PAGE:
Chalgrove Agriculture

The Agricultural Landscape
Open-fields probably covered much of the Parish by the mid-11thC, as suggested by Anglo-Saxon Furlong names,  indentations (probably derived from Open-field Furlongs) along the Easington Parish Boundary, and the total of 18-Plough-teams recorded in 1086.  By the 14thC Chalgrove had 9-Fields grouped into 3 ‘Seasons’, which were probably cultivated on a 3-course rotation of Winter & Spring-sown Crops & Fallow;  in the 19thC, they covered 1,764 acres. Three (Langley or Langdon, Great South, & Little South) lay South of the Village, with 3 more (Bower End, Upper End, & Houndswell) along the Village’s Northern Edge. The others (Down, Solinger & Sand) bordered Easington & Chalgrove common.  All those Fields were Inclosed by Act of Parliament in 1843, long after Rofford’s Private Inclosure in the 17thC or earlier.  In 1841 (when Arable covered 2/3rds of the Parish) the largely Gravel soils produced good wheat Land and the proportion of Arable rose to 75% by 1870. Following the Agricultural depression it fell to less than 50% by 1930, however, recovering its former primacy after WW2.

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Streams provided extensive Meadow, organised from the Middle Ages both in Common and in Private Closes.  Additional Meadow lay in the detached part of Lewknor on the Parish’s Eastern Border, where Chalgrove’s inhabitants were accused of illegally grazing cattle in 1237;  Common Rights there were still claimed in the 17thC and c.14 acres were included in Chalgrove’s 19thC Inclosure & Tithe Awards.  Common Pasture was available in Chalgrove Common (112a), and also in the Fallows; the Manor Court resisted overgrazing, however, and Medieval Tenants were sometimes fined for trespassing in private Pastures.  Old Inclosures were variously grazed or ploughed,  but though the area under grass increased considerably in the early 20thC it was rarely of good quality and was Ploughed up as soon as Arable Farming’s prospects improved.

The Parish was unwooded in 1086, and some Manorial Woods mentioned in the 14thC may have lain in Gangsdown (in Nuffield).  In 1336 the Plessis Manor produced 400 faggots and ½a of Underwood a year, and in 1329 a Tenant trespassed in Barentin’s Wood.  Magdalen College received 18s from wood sales in 1504/5.  Building Timber had to be purchased elsewhere: 32 Cartloads were brought from Shipston-on-Stour (Warks) via Woodstock in 1453/4, and in later centuries locally produced Timber remained scarce.  In 1671 Thomas Wootton’s Rofford Holding included Timber trees ‘wasted and rotten about the Grounds’, and only Hedgerow trees were marked on 18thC Maps. Fewer than 8a of Woodland remained in 1841, increased to 45a in a few small Copses by 1988.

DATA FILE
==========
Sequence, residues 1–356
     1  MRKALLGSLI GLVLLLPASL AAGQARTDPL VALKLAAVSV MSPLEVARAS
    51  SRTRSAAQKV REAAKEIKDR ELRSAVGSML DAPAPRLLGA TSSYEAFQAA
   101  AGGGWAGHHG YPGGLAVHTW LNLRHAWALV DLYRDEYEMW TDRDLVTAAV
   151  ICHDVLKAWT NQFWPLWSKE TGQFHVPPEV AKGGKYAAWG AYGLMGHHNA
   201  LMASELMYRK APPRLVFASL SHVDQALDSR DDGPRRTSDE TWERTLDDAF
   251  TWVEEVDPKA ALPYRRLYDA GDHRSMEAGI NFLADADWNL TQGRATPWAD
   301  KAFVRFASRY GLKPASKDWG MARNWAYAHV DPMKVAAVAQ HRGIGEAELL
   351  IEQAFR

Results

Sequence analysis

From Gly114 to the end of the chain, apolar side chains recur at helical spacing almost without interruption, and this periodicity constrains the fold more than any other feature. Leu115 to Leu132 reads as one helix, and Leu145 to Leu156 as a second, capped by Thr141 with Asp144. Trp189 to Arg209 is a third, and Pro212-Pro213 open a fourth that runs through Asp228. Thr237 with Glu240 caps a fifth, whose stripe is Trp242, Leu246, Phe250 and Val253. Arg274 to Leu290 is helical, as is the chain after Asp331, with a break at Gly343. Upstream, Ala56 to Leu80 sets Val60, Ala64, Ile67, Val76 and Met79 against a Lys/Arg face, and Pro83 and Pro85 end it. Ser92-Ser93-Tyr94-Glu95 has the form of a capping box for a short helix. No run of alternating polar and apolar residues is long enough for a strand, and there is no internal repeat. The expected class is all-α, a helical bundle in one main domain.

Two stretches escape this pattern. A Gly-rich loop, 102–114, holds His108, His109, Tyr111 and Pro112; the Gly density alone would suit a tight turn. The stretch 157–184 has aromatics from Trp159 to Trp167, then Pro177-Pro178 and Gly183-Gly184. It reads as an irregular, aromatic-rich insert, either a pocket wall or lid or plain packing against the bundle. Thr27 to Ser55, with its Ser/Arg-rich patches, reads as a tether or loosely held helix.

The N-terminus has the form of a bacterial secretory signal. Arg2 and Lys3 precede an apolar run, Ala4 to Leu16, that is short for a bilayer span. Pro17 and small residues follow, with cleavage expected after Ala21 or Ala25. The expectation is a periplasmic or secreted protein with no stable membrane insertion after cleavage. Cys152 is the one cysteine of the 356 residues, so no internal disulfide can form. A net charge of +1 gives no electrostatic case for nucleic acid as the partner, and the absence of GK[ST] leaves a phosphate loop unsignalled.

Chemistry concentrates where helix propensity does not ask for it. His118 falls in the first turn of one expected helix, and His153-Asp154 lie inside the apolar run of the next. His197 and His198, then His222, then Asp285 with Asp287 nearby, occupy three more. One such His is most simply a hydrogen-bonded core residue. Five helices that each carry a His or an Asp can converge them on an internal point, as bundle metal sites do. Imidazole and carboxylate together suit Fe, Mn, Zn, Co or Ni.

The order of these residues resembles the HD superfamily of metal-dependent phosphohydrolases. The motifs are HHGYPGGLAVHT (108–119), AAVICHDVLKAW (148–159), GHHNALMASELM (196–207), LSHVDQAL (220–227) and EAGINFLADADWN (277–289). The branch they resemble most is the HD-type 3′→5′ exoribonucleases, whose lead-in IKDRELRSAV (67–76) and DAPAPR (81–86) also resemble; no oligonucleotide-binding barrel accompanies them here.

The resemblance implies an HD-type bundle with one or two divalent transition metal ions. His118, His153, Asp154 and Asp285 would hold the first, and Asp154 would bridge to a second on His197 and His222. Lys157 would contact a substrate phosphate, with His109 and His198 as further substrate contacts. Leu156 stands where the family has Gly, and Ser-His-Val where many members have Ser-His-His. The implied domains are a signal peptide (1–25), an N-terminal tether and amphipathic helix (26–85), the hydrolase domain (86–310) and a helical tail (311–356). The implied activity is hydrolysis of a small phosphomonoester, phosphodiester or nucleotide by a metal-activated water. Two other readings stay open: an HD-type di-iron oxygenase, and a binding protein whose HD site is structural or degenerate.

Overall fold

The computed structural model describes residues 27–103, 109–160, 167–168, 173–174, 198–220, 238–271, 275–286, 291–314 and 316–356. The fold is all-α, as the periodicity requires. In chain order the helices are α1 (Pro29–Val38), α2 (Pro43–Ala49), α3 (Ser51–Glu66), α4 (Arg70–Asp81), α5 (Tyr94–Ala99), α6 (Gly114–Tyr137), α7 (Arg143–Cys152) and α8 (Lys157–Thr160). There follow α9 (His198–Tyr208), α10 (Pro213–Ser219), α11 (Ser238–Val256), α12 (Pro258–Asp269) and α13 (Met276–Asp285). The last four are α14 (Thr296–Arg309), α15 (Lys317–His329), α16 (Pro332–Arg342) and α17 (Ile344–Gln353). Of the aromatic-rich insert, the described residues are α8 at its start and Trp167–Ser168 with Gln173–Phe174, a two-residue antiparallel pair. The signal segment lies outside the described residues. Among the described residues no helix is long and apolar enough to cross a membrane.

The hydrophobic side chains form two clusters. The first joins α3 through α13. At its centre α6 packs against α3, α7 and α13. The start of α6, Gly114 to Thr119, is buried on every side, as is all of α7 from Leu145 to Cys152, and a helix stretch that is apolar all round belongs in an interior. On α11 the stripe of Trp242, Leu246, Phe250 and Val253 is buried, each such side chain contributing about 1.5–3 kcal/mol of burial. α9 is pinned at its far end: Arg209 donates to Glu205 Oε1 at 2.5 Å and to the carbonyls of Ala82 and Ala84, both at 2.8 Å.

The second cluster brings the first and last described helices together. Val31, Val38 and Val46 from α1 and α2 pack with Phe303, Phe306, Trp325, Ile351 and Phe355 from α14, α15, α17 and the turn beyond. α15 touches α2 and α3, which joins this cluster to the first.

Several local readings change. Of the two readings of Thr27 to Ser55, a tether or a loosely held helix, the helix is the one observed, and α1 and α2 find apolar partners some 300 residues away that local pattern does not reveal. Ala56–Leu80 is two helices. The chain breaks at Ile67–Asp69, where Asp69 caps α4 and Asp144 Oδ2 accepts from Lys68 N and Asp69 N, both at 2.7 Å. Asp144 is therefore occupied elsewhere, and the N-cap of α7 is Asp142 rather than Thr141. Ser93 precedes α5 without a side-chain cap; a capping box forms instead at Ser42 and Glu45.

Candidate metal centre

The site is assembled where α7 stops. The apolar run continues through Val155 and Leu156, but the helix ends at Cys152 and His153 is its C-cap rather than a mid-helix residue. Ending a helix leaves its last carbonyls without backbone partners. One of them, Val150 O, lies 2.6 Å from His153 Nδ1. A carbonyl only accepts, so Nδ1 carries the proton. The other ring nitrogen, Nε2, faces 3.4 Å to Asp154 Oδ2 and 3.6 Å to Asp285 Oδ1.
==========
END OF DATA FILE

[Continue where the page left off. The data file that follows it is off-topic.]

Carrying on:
Medieval Tenant & Demesne Farming
In 1086 Chalgrove Manor contained land for 12 Plough-teams, Meadow 3 Furlongs square, and 60a of Pasture and yielded £12 including Tenants’ Rents. The smaller Rofford Manor comprised 5 Ploughlands, 5a of Meadow, and 16a of Pasture, and was worth £3. Both Manors had increased in value and were largely Arable-based, Chalgrove’s 13-Plough-teams suggesting a recent expansion of the cultivated area.  Its 4-Ploughland Demesne Farm was run partly by Servi, while Rofford’s Demesne was 2-Ploughlands; the 2 places together also had 12-Teams worked by 43 Tenants (30 Villani & 13 Bordars).  Arable Farming continued to provide much of Chalgrove’s income in the late 12thC, and in 1212 the King received more than £9 from grain sales, besides £20 paid by the Manors Lessee.  The same year 200a were sown with wheat, 10a with beans, 14a with barley, & 215½a with oats. The Ploughs were worked by Oxen (50 were bought in 1195, enough for 8-Ox Plough-teams), and cattle & pigs were also reared.

AnthropicFarmUnitsIn 1233 Chalgrove’s Demesne & Tenant Land was divided between 2 Owners, and in 1279 both the Barentin & Plessis Demesnes included c.312a of Arable, 30a of Meadow, and 30a of Pasture.  On both manors Villeins holding Yardlands (Virgate) & ½-Yardlands (Oxgang) owed cash Rents & Labour Services including ploughing, harrowing, weeding, reaping, mowing, carrying, & threshing, although Free Tenants & cottars owed few if any labour services. Rofford’s 2-Hide Demesne (c.200a) was Leased, & Tenants’ Labour Services there were commuted, with Yardlanders paying 18s Rent compared with 5s at Chalgrove.  The Plessis Demesne was still worth £32 in 1336, 4 times the nominal value of the Tenants’ Rents & Services; fields were sown on a complex 3-course rotation, and harvested crops stored in 3 Barns & a Granary.  The Parish’s Agriculture evidently produced a large Taxable surplus, its payment of £15-4s-6d in 1334 being the highest in the Hundred.